I’ve harboured a secret desire to be a zeppelin pilot for a good while now. I’m not the only one, I’m sure, considering the way zeppelins have wormed their way into the public imagination. Science fiction and fantasy are full of zeppelins. Find an alternate history scenario, and you’re likely to find a zeppelin hovering in the air somewhere. There’s something undeniably elegant about a rigid airship that an airplane just doesn’t have, not just stateliness, but style. Kenneth Oppel’s Airborn captured that appeal in a delightful way.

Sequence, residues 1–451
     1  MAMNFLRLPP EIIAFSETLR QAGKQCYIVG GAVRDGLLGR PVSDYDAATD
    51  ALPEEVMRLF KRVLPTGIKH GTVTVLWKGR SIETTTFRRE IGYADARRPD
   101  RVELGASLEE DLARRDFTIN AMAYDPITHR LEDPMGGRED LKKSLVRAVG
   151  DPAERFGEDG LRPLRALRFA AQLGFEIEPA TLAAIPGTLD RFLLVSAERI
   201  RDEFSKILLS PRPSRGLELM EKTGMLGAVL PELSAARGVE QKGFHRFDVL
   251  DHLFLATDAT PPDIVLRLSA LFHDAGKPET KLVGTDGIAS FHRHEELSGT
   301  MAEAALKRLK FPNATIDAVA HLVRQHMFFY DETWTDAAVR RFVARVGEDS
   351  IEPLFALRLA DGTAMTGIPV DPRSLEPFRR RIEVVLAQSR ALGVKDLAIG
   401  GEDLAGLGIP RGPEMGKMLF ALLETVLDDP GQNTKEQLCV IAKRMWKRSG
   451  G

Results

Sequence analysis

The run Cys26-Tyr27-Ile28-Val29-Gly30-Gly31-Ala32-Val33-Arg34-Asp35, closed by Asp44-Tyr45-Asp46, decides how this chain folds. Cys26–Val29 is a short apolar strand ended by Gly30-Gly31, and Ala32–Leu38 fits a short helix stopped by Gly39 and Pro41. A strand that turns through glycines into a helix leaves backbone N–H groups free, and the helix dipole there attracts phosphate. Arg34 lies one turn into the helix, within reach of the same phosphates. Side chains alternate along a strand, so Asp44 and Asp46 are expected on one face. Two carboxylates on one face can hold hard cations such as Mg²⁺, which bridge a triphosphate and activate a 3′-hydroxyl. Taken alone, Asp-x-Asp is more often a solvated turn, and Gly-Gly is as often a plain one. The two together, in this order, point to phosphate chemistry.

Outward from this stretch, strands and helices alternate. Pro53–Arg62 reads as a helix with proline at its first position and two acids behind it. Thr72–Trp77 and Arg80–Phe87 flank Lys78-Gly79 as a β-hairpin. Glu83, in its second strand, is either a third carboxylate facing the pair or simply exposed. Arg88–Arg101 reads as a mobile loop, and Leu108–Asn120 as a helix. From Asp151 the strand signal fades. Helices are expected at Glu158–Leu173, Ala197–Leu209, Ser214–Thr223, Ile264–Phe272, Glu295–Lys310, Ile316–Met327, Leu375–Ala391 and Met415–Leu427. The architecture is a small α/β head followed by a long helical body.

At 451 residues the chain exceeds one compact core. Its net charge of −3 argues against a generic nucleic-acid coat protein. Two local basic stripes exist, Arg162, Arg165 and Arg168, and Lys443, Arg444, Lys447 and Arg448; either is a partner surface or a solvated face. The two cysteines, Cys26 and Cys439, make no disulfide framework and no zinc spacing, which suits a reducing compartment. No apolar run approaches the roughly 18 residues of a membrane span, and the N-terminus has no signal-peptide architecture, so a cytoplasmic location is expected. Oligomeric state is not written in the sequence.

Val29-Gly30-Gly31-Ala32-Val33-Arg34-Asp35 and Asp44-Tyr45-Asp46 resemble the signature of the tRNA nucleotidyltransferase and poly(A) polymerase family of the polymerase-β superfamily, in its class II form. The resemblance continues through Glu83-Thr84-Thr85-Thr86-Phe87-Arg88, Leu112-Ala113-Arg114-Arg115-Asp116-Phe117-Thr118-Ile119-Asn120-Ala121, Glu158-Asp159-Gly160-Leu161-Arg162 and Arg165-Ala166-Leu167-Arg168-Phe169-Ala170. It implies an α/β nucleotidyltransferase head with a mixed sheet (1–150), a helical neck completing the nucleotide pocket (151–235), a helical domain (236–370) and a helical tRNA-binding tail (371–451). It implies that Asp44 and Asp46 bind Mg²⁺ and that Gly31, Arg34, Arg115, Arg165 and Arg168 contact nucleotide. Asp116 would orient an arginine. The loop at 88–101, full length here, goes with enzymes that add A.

Meanwhile, in the Canadian north it seems collective dreams of zeppelin-filled skies might come true. Thanks to global warming, the ice roads are becoming less and less a reliable way to supply remote northern communities, so the obvious solution is to build a few zeppelins, right? Actually, by 2014 Canada might actually have a zeppelin fleet crossing the ice-filled tundra. I could hardly suppress my squeal of excitement the first time I heard about this idea. Screw plans for graduate studies in history, once they open up training for zeppelin pilots, I’m signing up. I just hope no one notices when a zeppelin goes missing from the fleet, and then a mysterious airship with a skull-and-crossbones painted on the rear fin starts hovering (weighty with menace, mind you) over Magadan.